Remember President Trump’s 2019 budget — that big document released in February and then immediately dismissed or ignored? Well, a new analysis released Thursday by the nonpartisan Congressional Budget Office finds that the president’s proposal won’t rein in rising deficits like the White House claims.
CBO estimates that, over the 10 years from 2019 to 2028, the Trump budget request would cut the deficit by $2.9 trillion compared to the current baseline. The White House estimated that the deficit reduction over that time would total $5.2 trillion.
The White House had estimated that the deficit would be $450 billion in 2027 and $445 billion in 2028. CBO, by contrast, sees deficits of $965 billion and $1.1 trillion for those years under the Trump budget.
In all, CBO says Trump's budget would result in cumulative deficits of $9.5 trillion over the next decade compared to $7.2 trillion estimated by the White House.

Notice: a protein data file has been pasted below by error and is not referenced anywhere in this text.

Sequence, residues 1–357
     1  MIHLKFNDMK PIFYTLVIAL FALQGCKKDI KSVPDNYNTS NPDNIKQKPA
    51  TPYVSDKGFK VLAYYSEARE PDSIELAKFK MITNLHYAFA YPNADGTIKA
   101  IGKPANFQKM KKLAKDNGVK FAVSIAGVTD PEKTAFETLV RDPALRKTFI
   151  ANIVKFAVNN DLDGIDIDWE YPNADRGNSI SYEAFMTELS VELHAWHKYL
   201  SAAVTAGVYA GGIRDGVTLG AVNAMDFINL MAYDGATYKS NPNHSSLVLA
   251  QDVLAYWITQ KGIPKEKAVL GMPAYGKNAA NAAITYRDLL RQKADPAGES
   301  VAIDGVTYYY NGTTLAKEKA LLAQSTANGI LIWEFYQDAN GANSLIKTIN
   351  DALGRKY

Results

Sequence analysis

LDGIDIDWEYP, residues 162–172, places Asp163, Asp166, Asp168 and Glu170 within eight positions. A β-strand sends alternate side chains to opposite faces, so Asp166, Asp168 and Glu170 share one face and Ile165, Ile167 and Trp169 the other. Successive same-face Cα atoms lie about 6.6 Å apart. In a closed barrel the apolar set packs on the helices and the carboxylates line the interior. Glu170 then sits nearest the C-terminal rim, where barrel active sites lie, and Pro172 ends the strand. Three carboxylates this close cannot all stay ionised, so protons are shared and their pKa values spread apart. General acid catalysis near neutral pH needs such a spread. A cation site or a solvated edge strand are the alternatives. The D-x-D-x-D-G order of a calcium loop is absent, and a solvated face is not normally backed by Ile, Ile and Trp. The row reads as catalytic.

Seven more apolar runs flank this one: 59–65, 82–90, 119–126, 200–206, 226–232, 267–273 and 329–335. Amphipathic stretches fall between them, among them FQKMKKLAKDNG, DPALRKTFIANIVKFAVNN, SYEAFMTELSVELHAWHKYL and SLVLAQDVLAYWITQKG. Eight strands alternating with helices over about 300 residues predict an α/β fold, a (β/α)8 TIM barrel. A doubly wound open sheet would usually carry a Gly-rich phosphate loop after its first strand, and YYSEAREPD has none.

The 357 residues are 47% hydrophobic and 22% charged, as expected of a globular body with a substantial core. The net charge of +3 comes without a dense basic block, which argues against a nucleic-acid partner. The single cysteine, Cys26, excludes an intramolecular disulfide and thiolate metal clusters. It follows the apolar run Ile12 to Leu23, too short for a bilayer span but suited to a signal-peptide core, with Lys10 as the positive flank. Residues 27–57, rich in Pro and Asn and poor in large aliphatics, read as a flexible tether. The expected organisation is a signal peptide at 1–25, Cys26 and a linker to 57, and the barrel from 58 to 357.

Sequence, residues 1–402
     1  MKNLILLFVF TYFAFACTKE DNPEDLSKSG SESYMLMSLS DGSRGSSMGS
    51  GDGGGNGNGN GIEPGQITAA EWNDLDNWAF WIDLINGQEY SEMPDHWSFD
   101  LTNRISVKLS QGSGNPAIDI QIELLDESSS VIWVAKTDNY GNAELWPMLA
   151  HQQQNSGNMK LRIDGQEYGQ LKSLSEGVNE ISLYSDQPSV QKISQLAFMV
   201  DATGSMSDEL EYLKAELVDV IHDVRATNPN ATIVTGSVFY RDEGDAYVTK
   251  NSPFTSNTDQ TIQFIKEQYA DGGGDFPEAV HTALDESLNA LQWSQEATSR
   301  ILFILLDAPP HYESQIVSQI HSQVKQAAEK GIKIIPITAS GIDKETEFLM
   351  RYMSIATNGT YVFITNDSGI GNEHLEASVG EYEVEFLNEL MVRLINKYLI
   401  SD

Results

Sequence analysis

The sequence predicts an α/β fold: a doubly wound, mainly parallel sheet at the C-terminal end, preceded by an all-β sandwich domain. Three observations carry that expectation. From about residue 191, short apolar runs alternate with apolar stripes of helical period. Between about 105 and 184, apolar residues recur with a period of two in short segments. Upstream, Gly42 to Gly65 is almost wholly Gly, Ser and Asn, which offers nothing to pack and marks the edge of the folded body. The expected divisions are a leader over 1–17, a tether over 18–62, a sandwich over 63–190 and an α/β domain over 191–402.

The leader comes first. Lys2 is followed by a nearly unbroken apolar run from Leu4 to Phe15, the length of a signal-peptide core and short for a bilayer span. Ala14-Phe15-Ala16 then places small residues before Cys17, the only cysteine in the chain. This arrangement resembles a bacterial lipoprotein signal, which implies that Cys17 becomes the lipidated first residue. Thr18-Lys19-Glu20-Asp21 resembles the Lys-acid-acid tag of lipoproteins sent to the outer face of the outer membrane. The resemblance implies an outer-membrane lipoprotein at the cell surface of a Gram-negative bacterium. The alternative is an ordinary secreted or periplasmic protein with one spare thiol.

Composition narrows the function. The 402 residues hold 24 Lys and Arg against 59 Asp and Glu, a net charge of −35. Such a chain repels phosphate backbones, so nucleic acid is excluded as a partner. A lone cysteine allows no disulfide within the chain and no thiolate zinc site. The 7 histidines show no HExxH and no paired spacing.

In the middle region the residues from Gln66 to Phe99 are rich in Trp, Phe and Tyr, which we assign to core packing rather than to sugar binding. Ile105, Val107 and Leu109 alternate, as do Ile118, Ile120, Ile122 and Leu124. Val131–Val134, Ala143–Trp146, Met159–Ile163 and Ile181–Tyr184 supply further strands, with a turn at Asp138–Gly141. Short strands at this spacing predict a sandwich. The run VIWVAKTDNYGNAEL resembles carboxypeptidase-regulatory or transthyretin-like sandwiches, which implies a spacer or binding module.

Under the president’s budget, federal debt held by the public would rise from about 78 percent of GDP this year to 86 percent in 2028. That’s lower than the 96 percent CBO projects in its current baseline, but higher than the 73 percent the White House had estimated.
The bottom line: The big differences between CBO’s numbers and those from the White House Office of Management and Budget are mostly the result of vastly different economic assumptions, according to the Committee for a Responsible Federal Budget: “OMB projects real GDP growth averaging 3 percent over the next decade while CBO's projects an average of 1.8 percent. Largely as a result, CBO estimates $1.95 trillion less in revenue than OMB – which constitutes 85 percent of the total difference over 2019 to 2028.”